Elio Motors was founded in 2009 for an ambitious effort: bringing 3-wheeled, fully-enclosed trikes capable of achieving 84 miles per gallon to market for just $6,800. The company began taking “refundable reservation agreements” as much as $1,000 in 2013, for a debut on July 2014. Then the third quarter of 2015. Then mid-2016—right around now, actually. You still can’t buy one—but the company has spent years changing the laws in nearly every state in hopes that someday, you might be able to drive it.

It’s been an ambitious effort.

In 2012, just 11 states had provisions for “autocycles.” Today Elio announced that four years later, 30 more states have joined the fray, for a total of 41: Rhode Island and New Jersey were the most recent to set definitions for autocycles. Eight more states are reviewing their own legislation. If they do follow through, Elio will have paved the way to tap a non-motorcycling market across every state.



Here’s what the company said:

“We’ve made great strides in helping draft legislation that defines the autocycle category,” said Elio Motors founder and CEO, Paul Elio. “Harmonized state and federal legislation not only allows ease of movement across state jurisdictions for autocycles, but it also satisfies one of our key ‘Must Haves’ of uncompromised safety by defining higher safety requirements than what currently exists in the motorcycle category.”

An autocycle has a steering wheel, a conventional bucket-type seat, and no more than three wheels. It is fully enclosed. It would meet both car safety standards (anti-lock brakes, stability control) and motorcycle standards (lights, mirrors).

The goal has been to make it so the owner would not need to spend the time and money obtaining a motorcycle license to drive one, nor would he or she have to wear a helmet: in a vehicle with crumple zones, a roll cage, three-point seat belts, airbags, and a roof, what’s the point?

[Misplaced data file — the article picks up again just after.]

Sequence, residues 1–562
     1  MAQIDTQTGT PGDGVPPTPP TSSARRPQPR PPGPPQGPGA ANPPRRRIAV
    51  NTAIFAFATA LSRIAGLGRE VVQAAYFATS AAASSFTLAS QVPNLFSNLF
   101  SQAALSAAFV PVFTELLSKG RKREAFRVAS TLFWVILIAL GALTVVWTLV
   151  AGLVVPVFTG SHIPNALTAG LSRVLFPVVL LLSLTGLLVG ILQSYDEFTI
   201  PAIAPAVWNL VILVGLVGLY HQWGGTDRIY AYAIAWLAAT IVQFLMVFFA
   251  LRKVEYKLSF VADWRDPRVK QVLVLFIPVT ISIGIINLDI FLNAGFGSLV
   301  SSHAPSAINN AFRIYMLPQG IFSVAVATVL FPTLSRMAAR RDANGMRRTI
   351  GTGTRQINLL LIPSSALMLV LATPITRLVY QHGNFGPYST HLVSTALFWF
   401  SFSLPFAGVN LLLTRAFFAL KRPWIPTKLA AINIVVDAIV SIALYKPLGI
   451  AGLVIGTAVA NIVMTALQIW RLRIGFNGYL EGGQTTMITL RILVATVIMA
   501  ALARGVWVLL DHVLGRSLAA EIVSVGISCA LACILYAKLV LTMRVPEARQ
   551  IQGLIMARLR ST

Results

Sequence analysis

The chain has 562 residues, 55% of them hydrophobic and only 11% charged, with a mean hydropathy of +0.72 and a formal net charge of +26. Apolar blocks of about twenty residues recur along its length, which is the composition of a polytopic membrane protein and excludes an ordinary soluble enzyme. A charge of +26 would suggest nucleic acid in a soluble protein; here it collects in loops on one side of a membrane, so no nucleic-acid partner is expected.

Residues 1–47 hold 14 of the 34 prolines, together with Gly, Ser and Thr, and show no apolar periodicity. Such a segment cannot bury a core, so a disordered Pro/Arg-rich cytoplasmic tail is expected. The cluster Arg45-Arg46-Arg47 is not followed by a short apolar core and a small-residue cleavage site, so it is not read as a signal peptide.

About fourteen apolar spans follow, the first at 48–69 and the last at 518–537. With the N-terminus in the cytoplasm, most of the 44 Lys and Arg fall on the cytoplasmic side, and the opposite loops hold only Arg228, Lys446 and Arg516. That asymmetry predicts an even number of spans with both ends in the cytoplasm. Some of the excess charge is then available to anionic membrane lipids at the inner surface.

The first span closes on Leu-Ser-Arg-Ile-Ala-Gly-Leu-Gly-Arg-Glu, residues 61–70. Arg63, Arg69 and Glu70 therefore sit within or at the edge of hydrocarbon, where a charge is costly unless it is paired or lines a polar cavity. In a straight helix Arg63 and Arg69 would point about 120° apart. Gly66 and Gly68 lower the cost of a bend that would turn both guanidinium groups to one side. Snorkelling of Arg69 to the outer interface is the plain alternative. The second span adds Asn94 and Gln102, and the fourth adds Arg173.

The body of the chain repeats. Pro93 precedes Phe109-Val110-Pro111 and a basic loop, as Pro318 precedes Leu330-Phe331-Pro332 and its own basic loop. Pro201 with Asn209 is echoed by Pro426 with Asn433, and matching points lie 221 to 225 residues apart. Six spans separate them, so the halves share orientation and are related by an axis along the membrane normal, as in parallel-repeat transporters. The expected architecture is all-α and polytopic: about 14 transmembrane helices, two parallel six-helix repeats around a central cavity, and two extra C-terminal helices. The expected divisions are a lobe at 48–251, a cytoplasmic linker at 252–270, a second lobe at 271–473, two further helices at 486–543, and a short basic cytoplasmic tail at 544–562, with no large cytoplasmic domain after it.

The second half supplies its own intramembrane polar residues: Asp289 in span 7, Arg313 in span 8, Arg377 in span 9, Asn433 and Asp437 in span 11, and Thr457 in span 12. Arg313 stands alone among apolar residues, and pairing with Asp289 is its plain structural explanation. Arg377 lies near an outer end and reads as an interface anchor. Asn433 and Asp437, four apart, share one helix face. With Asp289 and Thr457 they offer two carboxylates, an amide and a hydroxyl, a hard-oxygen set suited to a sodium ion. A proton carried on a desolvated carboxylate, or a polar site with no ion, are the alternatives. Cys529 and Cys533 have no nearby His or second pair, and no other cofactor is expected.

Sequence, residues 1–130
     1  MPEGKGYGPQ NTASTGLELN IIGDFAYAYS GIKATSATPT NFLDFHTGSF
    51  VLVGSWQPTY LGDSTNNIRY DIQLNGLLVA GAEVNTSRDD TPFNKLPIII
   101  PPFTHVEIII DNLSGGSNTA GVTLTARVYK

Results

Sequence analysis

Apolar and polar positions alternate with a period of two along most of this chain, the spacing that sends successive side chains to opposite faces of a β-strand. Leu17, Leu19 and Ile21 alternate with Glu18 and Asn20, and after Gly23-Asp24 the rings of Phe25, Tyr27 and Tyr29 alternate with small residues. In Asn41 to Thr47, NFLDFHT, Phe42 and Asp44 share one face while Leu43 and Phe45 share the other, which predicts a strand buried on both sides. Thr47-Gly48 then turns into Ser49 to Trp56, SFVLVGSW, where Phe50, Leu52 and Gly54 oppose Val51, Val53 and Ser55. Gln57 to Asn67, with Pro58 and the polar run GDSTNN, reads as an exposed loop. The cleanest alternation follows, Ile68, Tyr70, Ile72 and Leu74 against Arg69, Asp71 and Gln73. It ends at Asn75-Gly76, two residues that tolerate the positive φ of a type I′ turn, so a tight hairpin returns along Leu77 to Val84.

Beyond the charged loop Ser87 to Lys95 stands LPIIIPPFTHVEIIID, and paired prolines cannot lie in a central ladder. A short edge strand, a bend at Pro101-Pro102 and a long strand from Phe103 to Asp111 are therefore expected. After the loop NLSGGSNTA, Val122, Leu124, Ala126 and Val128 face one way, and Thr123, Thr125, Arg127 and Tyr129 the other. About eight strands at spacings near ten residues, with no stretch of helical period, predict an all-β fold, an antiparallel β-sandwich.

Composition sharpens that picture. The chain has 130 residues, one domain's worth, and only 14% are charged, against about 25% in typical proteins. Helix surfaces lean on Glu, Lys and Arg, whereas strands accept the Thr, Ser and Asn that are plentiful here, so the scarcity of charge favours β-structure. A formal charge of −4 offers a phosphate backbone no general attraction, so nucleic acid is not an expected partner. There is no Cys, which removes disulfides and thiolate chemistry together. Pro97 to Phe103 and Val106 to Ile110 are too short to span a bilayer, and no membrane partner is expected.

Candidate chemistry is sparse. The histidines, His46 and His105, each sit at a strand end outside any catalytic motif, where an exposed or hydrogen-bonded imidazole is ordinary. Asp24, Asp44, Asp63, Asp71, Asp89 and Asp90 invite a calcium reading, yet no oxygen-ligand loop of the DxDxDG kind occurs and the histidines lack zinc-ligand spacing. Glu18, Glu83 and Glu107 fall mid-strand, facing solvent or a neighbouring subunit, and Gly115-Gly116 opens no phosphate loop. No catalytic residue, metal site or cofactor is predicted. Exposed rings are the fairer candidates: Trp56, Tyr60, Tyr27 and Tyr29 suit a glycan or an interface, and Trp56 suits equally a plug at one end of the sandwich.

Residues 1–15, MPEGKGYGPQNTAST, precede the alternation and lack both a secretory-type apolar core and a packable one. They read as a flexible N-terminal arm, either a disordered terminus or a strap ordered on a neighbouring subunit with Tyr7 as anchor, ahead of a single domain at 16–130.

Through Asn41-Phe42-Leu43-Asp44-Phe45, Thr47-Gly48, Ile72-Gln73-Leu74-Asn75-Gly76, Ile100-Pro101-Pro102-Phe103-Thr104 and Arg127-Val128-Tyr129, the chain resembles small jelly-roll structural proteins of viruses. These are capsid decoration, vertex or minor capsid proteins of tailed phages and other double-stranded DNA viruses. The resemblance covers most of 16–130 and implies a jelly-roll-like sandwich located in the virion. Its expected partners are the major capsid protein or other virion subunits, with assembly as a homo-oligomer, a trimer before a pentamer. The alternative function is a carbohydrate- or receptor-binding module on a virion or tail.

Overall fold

“The Elio is not a motorcycle. We’re creating a new segment.” company CEO Paul Elio told Jalopnik. “The Walkman didn’t make home stereos obsolete. The Elio won’t make cars obsolete, but be its own unique thing.”

A roof is not always a requirement, however. In some states, an autocycle the Morgan Three-Wheeler and the Polaris Slingshot, but not the rolling-hairhat Can-Am Spyder—motorcycle-style handlebars disqualify it—would be valid to operate without a motorcycle license. (Such is the case in Pennsylvania, according to recently-proposed legislation.) The Campagna T-Rex, shockingly still in production, would count. This thing would count. If Toyota builds its i-Road, it would also be classified as an autocycle.

But for now, the definition seems “custom-made for Elio,” said the East Valley Tribune in 2014. In the state that Elio Motors calls home, just 14 percent of Arizonans have a motorcycle license, and for company lobbyist Joel Sheltrown, that is a problem. “I want for our customers to be able to drive without fear of getting a citation,” he said. “You wouldn’t want to take that chance.”

So in 41 states, anyone with a driver’s license can drive an Elio now!



The question now is: when can they?